Tag Archives: Volunteering

Something Worth Doing

This morning after I did my morning prayer, I played a stupid game on my phone for a little while. I went to bed very late last night, and really, I just didn’t want to get up. I could afford to just chill for a little, but then a thought came to my mind. I couldn’t help questioning why I was playing that game. It’s not actually all that fun, and I’m so good at it by now that it’s basically mindless. I couldn’t help asking myself if it was God’s will for me to be playing that game. My ultimate conclusion was that, while it was perfectly acceptable for me to be playing a dumb game, it probably wasn’t exactly what He wanted me to be doing.

Anyone who really wants to follow Christ ultimately has to ask what God wants them to be doing. When asking this question, though, most of us, myself included, are usually wondering what God’s ultimate plan for our lives is. We’re looking at the forest, without always seeing the trees. I reflected on this, and I asked myself, “What would God want me to be doing right now? I don’t have to be ready for work for another hour or so, and it’s not like I have to go far (I would be traveling from eating lunch in the kitchen back to my bedroom which would then be my office).” I came to the conclusion that, even if I didn’t have a concrete answer, I did know that God would want me to be doing something worth doing.

That begs the question: what makes something worth doing? What gives value to an action, practice, or effort? Ultimately, what gives anything value? I recently visited a group of third order Carmelites, and am considering officially joining their order. I’ve only visited them once, and I have a lot to learn, but my visit was amazing, and the people were probably the nicest I’ve ever met. I mention this because at the end of my visit, one of the women gave me a glass tube. Contained inside was water from the Jordan River and the Sea of Galilee, a tiny shell from the Sea of Galilee, and some dust from Mount Carmel; a mountain in Israel where the first Carmelites created their order. Measuring the worth of that tube in terms of money makes it worthless, but I thought it was an amazing gift.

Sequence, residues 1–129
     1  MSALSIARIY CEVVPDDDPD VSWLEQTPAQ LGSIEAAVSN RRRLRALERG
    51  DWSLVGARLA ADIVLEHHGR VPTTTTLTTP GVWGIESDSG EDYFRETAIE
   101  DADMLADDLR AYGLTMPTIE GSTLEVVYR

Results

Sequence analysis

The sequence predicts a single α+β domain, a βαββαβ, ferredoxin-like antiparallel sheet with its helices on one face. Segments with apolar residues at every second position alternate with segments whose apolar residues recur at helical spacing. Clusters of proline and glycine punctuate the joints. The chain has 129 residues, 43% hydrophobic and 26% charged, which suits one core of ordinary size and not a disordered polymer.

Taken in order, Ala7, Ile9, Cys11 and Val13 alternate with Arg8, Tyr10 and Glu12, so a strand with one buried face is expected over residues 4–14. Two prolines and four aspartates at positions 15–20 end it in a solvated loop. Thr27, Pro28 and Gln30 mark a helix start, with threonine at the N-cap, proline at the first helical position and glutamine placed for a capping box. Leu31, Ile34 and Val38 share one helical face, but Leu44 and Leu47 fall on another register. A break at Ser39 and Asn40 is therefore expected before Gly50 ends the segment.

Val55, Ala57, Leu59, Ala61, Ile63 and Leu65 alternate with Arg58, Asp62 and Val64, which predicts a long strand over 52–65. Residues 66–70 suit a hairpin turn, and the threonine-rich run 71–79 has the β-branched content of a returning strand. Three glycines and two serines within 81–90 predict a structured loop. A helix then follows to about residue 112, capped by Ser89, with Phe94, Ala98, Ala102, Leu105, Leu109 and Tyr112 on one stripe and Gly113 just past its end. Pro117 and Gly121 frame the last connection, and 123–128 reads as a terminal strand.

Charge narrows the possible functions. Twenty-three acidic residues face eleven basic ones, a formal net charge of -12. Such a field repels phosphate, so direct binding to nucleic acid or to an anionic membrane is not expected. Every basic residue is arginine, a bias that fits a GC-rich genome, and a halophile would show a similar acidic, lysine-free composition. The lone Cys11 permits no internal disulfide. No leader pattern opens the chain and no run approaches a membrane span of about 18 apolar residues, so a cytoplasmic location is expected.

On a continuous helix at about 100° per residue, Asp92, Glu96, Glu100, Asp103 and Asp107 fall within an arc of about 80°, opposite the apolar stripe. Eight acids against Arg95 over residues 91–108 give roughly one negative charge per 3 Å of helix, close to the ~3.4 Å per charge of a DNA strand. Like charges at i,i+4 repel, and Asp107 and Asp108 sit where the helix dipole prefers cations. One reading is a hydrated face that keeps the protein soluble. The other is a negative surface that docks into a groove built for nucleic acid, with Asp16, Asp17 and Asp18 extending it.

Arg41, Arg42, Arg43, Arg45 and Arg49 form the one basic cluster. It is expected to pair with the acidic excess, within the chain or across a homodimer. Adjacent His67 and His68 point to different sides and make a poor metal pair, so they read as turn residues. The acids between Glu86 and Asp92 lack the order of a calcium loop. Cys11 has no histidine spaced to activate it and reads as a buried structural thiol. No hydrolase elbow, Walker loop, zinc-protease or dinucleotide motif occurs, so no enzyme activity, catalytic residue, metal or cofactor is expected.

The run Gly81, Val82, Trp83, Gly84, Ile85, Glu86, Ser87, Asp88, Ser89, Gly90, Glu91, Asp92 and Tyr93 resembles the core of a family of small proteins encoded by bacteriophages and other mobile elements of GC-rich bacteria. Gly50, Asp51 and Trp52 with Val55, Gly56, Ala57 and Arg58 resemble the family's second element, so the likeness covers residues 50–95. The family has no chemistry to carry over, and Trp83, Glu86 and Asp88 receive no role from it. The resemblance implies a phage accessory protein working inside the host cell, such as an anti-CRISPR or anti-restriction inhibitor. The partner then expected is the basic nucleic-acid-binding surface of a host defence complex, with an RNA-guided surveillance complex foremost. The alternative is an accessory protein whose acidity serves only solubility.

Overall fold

Last night I was reading about the history of the Rosary, and I read that when it started becoming incredibly popular and well known, people would make incredibly fancy ones with precious stones on gold or silver chains. Mine is made of wooden beads on a plain cord. I bought that one partly because I’m the cheapest woman alive, but partly because a fancy Rosary would not be my style. It’s value is contained in what I use it for. I think about the things I consider to be my treasures. I have some religious items that I consider treasure, and some of them actually are nice, but I also consider my ability to use the English language a kind of treasure. Technology is also a kind of treasure because the ability to communicate, learn, and quite frankly, to be entertained, is valuable.

I also discovered something late last night. The value or worth of anything must be determined by something greater than itself. I often find myself marveling at the fact that the God of the universe wants anything to do with me. I am one in literally several billion people, but my Heavenly Father literally loves the hell out of me. Making sense of that love is confusing at best, and last night I found myself thinking, “Lord, you knew I’d never be able to walk. You knew I’d have epilepsy. You knew I’d be just as messy as anyone else. You knew I’d give up on you, and give up on myself for a while. You made me anyway, and you still chased me down. I just don’t get it. I’m not even important.” At that moment something stopped me. I think He stopped me because my next thought was, “Actually, you think I’m pretty important. If you say I’m important, then I’m important.” That thought made me happy.

I don’t know what God’s ultimate plan is for my life, but I do know some things. I call my godparents “Aunt” and “Uncle,” but we’re not actually related. A few months ago, I learned that their daughter, so my kind-of cousin, is going to have a baby this winter. Even before I knew this, though, I realized that I had a growing desire to be a godmother. I thought it was kind of weird desire, but I prayed about it a handful of times. This past weekend, it was decided that I would be my “cousin’s” child’s godmother. I have an amazing relationship with both of my godparents, and I hope to have the same kind of relationship with my godchild.